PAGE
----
The name Edward "Ted" Kennedy might have meant something completely different.
As morning news shows announced the Democratic senator's death Wednesday, CNN's sports commentator Rafer Weigel reported that when he was attending Harvard, Kennedy was told by the head of the Green Bay Packers that he might have a future in pro football.
Kennedy's performance on Harvard's football team was good enough to prompt the remark.
Kennedy politely explained that he planned to go to law school and enter "another contact sport: politics."
As a senator, Kennedy championed such causes as health care, immigration, education and civil rights.
And, as would have happened if he'd entered that other contact sport, Kennedy gained admirers and detractors.
The youngest son in a family that came as close as any family in this country to royalty, Kennedy celebrated achievement and endured tragedy.
His eldest brother died piloting a dangerous bombing mission during World War II. The next in line, President John F. Kennedy was gunned down in Dallas. Robert Kennedy met the same fate while making his own bid for the presidency.
That kind of history would encourage most to seek an intensely private life.
But Ted Kennedy continued the legacy of service his brothers began.
Like many an athlete and politician, he also lived his life in public with sometimes tragic results.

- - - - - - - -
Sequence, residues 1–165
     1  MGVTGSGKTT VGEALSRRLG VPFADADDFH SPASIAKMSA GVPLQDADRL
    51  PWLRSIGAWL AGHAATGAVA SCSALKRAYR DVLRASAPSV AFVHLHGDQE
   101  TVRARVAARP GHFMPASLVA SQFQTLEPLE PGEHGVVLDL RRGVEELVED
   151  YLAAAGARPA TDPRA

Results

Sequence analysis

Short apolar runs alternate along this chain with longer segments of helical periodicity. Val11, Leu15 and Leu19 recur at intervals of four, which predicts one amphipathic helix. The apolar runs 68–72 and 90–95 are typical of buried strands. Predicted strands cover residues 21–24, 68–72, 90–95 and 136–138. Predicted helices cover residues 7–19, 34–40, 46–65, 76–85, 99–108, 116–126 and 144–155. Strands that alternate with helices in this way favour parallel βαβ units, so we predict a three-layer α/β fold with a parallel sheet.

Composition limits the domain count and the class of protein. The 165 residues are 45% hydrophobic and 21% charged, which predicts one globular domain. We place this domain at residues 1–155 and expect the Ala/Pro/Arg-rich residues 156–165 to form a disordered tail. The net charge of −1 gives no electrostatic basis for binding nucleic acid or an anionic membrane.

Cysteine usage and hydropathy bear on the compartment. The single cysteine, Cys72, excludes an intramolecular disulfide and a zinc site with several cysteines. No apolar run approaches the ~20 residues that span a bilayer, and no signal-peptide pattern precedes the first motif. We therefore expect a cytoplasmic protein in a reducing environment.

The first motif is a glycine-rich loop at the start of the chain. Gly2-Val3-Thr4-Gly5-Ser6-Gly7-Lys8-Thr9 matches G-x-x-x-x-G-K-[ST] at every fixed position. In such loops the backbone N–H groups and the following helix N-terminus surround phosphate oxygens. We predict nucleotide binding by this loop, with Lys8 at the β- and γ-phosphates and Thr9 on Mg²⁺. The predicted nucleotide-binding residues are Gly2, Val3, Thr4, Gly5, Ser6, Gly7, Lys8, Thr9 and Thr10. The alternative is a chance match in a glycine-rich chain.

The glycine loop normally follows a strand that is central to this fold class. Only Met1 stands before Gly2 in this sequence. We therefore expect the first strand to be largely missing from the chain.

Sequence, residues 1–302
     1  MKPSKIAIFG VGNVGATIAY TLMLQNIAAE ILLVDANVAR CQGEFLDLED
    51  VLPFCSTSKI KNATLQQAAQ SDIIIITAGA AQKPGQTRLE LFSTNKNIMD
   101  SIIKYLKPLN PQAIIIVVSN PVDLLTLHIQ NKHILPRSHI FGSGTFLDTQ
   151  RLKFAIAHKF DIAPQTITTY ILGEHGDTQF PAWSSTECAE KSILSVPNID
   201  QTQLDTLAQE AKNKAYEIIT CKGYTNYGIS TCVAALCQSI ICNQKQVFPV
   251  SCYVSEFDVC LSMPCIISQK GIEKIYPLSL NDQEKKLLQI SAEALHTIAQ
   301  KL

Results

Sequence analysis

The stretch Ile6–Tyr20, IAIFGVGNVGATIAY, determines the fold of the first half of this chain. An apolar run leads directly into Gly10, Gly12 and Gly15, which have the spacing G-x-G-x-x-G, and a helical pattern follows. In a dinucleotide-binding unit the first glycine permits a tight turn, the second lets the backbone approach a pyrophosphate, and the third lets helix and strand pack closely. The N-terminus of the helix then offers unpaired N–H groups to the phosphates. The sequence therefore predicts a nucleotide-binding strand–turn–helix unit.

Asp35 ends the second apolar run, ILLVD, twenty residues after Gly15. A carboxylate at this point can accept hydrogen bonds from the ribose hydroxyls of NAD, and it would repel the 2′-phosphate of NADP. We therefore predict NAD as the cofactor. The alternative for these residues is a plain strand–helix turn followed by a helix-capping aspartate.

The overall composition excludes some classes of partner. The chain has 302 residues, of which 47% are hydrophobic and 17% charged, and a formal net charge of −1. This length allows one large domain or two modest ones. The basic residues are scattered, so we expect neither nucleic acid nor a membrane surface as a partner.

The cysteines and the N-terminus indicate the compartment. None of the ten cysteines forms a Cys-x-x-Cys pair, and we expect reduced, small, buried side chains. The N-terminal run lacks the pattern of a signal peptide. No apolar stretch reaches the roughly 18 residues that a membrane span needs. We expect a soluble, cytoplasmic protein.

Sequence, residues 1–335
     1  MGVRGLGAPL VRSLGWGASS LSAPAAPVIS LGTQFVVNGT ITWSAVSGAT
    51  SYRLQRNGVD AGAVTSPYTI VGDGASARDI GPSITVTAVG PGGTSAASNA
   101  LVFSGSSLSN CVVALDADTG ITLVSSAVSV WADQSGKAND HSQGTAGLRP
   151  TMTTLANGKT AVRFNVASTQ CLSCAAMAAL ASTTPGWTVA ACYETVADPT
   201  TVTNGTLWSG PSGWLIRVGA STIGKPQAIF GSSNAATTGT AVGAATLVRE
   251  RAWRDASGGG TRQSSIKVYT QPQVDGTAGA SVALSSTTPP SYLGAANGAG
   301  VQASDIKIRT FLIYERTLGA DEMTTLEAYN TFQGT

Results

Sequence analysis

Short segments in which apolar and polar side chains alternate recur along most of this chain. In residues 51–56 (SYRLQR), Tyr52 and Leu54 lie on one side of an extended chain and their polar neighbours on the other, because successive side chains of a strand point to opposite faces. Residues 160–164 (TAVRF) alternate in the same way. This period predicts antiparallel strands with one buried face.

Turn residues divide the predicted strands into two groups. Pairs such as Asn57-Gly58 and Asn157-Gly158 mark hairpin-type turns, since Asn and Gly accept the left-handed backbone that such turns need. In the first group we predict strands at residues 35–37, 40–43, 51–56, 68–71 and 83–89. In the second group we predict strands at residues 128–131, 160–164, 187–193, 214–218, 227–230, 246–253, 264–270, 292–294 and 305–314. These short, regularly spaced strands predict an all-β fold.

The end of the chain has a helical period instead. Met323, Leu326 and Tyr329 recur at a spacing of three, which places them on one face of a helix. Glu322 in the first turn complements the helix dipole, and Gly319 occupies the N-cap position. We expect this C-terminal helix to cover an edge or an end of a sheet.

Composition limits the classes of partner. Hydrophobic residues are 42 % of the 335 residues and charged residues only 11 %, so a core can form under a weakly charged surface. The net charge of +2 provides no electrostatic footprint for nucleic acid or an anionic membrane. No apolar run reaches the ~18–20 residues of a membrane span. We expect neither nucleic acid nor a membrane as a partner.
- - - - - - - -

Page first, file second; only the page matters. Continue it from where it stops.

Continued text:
The whole country knew when his 12-year-old son lost a leg to cancer, when he and his wife of 22 years divorced and, of course, when he drove off a bridge on Chappaquiddick Island, causing the death of his passenger.
Chappaquiddick seemed to mark the beginning of a difficult period in Kennedy's life. He developed a reputation as a heavy drinker and skirt chaser.
But Chappaquiddick also helped free him of his own national ambitions and, once he overcame his demons, Kennedy developed a reputation as a hard-working, effective lawmaker who could work both sides of the aisle to get results.
His accomplishments include the Americans with Disabilities Act, Meals on Wheels, family leave and the Occupational Safety and Health Administration.
Not everyone appreciates or agrees with what he accomplished -- just as they might not have liked him if he had joined the Packers -- but his dedication and service to the county demands that we recognize his passing.
Thank you, Sen. Kennedy.